Tuesday, March 2, 2010

For the love of cod

“What we are dealing with here is not just a piddling little fishery that keeps half a million people in Newfoundland alive and functioning, not just a little resource which provides a bit of food that could be replaced by a million chickens or something. It is one of the great wonders of the world, one of the great animal populations, which is part of one of the most complex ecosystems that has developed and thrives in a very hostile and difficult part of the ocean. It ought to be one of our glories to protect and preserve.”
— The late Dr. Leslie Harris, as quoted in the 1998 Michael Harris book, Lament for an Ocean, the Collapse of the Atlantic Cod Fishery: A True Crime Story.
Did you happen to see the picture in Monday’s Telegram of the 70-pound cod caught off Newfoundland's south coast by the crew of the Belle Isle Banker?

The cod being landed are said to be as huge (50 to 70 pounds a piece) as the days prior to the shut down of the south coast cod fishery in 1993.

Back in our grandfathers’ days fish that size were known as “mother fish” or “gaffers.”

It’s been suggested that their return could be a sign of a healthier stock.

Maybe so — but not for long.

Not after we chase down every last one of them.

Which we have a tendency to do at the first sign of recovery.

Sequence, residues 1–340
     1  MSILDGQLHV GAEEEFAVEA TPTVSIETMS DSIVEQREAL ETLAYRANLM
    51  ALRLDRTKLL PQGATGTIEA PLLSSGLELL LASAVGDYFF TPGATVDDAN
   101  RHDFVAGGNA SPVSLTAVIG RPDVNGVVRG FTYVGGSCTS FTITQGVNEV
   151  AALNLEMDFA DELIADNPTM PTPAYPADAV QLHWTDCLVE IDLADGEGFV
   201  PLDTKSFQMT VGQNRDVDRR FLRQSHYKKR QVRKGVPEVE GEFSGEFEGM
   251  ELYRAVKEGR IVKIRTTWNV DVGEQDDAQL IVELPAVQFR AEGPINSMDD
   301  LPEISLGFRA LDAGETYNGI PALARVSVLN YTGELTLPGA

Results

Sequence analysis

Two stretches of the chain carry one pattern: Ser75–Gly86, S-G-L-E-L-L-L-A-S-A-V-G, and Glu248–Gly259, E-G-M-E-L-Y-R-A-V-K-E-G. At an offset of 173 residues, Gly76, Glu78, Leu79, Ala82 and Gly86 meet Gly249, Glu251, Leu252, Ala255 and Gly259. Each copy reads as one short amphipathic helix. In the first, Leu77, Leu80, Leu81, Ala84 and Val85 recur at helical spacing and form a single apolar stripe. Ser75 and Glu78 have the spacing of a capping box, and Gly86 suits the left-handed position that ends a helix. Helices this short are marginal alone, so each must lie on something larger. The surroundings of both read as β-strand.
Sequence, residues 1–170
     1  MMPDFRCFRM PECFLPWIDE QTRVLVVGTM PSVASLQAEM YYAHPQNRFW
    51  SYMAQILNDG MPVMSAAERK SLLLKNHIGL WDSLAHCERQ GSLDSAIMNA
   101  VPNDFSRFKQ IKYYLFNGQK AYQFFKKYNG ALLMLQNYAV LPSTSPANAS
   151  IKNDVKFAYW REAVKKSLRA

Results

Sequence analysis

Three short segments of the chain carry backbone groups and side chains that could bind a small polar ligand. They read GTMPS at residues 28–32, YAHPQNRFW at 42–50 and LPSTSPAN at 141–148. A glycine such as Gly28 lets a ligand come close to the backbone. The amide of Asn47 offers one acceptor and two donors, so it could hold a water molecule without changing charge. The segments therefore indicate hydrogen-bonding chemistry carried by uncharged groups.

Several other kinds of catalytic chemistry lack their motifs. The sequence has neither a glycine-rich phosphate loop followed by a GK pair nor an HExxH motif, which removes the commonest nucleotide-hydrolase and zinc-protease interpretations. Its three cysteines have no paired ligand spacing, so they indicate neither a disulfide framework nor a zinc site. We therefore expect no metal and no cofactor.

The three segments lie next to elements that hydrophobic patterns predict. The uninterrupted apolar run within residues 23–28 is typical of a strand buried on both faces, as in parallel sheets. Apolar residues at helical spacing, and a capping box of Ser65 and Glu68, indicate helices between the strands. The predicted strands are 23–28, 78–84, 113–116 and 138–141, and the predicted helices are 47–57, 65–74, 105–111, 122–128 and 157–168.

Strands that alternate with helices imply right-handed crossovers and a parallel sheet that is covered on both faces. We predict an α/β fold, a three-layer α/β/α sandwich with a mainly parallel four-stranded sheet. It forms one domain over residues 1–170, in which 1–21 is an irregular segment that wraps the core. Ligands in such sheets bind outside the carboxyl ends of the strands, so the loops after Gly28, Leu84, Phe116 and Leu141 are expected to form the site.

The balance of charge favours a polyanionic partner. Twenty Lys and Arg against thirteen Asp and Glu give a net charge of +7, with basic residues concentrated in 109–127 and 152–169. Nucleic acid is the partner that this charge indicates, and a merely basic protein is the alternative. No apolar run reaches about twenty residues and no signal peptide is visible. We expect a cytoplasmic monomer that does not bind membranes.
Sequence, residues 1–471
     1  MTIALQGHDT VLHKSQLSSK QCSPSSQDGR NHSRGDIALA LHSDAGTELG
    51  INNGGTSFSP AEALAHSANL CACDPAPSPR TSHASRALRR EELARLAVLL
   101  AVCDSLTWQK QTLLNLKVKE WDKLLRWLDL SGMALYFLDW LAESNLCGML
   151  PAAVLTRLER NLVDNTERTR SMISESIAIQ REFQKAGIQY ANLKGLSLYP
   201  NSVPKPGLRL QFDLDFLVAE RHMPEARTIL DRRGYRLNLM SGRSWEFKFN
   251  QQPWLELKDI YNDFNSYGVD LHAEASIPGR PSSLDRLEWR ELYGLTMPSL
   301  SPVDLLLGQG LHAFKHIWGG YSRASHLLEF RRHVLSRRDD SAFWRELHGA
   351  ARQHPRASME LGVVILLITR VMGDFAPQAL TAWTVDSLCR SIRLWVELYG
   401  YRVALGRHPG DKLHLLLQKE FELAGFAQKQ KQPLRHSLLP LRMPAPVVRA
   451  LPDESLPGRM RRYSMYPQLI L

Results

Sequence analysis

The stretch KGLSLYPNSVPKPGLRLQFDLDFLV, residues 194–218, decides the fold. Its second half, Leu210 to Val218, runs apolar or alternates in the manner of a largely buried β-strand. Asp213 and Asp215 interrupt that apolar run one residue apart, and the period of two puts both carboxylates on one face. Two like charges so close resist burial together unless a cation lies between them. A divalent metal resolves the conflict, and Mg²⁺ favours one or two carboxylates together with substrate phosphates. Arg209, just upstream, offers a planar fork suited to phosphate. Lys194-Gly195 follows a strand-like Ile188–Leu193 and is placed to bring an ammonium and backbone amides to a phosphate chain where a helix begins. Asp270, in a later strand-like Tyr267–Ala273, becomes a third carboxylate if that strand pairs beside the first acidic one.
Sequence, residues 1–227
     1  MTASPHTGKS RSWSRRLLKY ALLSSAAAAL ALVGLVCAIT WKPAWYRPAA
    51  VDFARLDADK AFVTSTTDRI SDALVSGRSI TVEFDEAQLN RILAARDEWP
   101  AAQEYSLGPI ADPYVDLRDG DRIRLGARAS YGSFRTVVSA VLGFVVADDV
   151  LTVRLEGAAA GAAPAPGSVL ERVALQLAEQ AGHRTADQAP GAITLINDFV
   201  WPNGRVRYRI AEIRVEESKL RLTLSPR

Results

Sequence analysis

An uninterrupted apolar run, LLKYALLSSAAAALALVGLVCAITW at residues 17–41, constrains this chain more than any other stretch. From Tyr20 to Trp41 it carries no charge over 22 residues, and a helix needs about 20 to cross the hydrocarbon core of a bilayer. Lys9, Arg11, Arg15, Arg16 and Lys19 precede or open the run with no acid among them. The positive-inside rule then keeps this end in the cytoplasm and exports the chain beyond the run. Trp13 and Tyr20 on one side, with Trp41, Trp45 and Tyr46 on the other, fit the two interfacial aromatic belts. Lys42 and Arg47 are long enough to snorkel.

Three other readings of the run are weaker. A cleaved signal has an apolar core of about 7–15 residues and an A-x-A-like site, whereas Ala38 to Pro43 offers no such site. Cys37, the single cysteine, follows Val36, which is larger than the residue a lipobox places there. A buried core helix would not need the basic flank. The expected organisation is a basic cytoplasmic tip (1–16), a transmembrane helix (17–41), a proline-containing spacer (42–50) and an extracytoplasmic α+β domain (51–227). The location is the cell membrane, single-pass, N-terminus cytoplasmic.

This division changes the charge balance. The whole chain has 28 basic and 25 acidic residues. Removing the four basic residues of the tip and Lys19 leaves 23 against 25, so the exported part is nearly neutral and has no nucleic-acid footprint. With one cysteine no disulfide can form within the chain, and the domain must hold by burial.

Almost 18 years after the first of the cod fisheries was shut down in waters off Newfoundland and Labrador, and groundfish stocks such as cod are still in desperate, desperate shape — a shadow of what they once were.

There is no faith in federal management, whose track record is pathetic.

NAFO is as toothless and useless as it ever was, despite efforts to reform.

Foreign nations continue to overfish and illegally fish.

Mistrust between the fish union and plant owners is unhealthier than ever, and the province can't seem to do anything about it.

Fish prices are shot.

There’s a move afoot to organize fishermen in a new union.

The industry is so shagged that one processing company, Ocean Choice International, has asked the province for permission to ship yellowtail flounder weighing up to 450 grams (70 grams more than current regulations allow) overseas for processing.

If the province doesn't grant Ocean Choice permission, the company plans to severely cut the amount of work at its Marystown plant.


This may be a stupid question, but if we catch all the mother fish and all the baby fish what exactly are we left with?

Meantime, on Canada’s West Coast, Wednesday (March 3rd) is the deadline for interested parties wanting to participate in the Cohen Commission of Inquiry into the decline of sockeye salmon in the Fraser River to submit their application.

Why did the federal Conservatives order an inquiry into the B.C. salmon fishery and not the NL groundfish fishery?

Canadian patriotism may be at an all time high following the Vancouver Olympics, but make no mistake — not all provinces are equal.

Not all fish are equal.

And that is not good enough.
Michael Harris dedicated Lament for an Ocean to his grandfather William Tilley, 1894-1968, “who left Newfoundland in the Great Depression, never to return.

On his deathbed, he asked for partridge berries.

I’d probably ask for pan-fried cod and scrunchins.

If there's any left.

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